Potassium and Drought: A Two-fold Water Uptake Problem

Potassium is back on the radar for many farmers and agronomists across the upper Midwest and northern Great Plains. In the past two weeks, corn growth and development have reached the stage where potassium deficiencies are becoming quite apparent, and widespread dry soil conditions during the 2021 drought have worsened the problem. In some instances, corn is displaying potassium deficiency symptoms on soils with medium to high soil test K (120 to 180 ppm) in spite of potassium fertilizer application.

Potassium is required in large quantities for plant growth and development. The plant tissue K range in normal corn plants is 3-5% K, which is similar to nitrogen. A 200-bushel/acre corn crop will typically uptake 200 lb N, 108 lb P2O5, and 280 lb K2O per acre through the growing season (IPNI, 2014). In other words, an actively growing corn crop takes a lot of potassium! Luckily, you do not have to apply all that potassium as fertilizer, and much will come from the plant-available K pool in the soil.

Potassium deficiency in corn. Symptoms are leaf chlorosis (yellowing) and necrosis (death) beginning at the leaf tip and outer leaf margin and progressing toward the midrib, often with wavy leaf edges. Potassium is mobile in the plant, so symptoms appear on the lower leaves first as the plant remobilizes potassium from lower leaves to support new plant growth.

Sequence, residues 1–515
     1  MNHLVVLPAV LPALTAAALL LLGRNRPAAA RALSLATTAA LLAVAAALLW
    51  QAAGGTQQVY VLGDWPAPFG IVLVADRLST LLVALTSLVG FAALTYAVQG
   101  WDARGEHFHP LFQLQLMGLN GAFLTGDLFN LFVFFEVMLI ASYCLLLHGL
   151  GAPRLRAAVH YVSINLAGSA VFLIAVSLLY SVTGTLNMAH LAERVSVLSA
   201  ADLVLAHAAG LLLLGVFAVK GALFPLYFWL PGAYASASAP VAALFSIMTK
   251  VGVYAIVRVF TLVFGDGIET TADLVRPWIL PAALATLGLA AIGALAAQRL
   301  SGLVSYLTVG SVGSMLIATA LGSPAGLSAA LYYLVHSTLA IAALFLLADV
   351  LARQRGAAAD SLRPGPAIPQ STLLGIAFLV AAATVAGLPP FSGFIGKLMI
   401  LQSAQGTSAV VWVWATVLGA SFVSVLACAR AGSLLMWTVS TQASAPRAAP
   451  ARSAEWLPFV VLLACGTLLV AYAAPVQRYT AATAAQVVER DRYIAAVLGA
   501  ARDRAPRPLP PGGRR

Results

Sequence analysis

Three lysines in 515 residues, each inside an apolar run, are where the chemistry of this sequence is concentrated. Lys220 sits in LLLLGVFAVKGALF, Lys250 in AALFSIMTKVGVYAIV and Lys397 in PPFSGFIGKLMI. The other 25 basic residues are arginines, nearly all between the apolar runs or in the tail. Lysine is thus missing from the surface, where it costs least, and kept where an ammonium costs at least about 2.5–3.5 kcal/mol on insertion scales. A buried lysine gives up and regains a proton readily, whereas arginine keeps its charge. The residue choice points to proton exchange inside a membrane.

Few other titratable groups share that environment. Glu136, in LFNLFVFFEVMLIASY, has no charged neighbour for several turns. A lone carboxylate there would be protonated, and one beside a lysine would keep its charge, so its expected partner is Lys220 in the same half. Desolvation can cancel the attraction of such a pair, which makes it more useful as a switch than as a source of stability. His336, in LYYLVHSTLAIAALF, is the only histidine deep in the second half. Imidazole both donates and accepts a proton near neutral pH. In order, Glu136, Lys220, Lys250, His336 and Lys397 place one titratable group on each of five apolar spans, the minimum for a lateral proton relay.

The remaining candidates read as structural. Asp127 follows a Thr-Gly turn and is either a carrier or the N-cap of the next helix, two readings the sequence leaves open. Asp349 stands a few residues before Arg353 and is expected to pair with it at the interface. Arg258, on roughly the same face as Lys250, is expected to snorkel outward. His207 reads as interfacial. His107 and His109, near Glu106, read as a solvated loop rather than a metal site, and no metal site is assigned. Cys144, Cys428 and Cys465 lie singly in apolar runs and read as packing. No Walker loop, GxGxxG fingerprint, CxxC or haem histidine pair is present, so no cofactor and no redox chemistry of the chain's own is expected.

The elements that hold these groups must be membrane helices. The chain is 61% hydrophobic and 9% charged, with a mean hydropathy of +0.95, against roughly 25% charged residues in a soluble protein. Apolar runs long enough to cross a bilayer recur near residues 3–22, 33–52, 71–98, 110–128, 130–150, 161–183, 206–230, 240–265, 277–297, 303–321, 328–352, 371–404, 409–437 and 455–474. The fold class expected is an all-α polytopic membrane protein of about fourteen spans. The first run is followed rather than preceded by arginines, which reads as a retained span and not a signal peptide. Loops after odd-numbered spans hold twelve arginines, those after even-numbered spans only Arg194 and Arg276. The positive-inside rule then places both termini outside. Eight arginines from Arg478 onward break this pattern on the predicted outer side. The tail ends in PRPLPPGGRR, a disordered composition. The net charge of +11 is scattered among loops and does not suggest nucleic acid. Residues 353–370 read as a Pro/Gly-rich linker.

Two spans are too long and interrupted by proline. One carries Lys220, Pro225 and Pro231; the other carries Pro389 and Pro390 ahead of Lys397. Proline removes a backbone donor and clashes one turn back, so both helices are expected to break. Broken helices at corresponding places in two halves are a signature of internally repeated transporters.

Drought reduces potassium availability

The plant-available K pool becomes less available when soil water is limited. This has become the top story as the 2021 drought has continued. Plant roots acquire potassium mostly through a process called diffusion. Diffusion is the slow movement of ions through water around soil particles to the plant root for uptake. As soil becomes drier, the thickness of the water film around soil particles becomes thinner and thinner, thus the diffusion path for potassium ions becomes longer and longer. The soil pore space becomes mostly air with little water remaining. This ultimately slows the rate at which potassium from soil or fertilizer can reach the plant root, and potassium deficiency may occur.

The consequence of the drought-induced potassium deficiency is two-fold because potassium also plays an essential role in plant water regulation. Potassium-stressed plants experience reduced photosynthesis and transpiration rates, resulting in poor water use efficiency of the already limited soil water that is available. In a nutshell, low soil water content reduces potassium availability from soil and fertilizer, and then the soil water that is there is poorly utilized because of the lack of potassium. In addition to limited soil water, other factors compound to reduce potassium uptake: soil test K, soil texture, clay mineralogy, soil compaction, and even fluffy soil syndrome.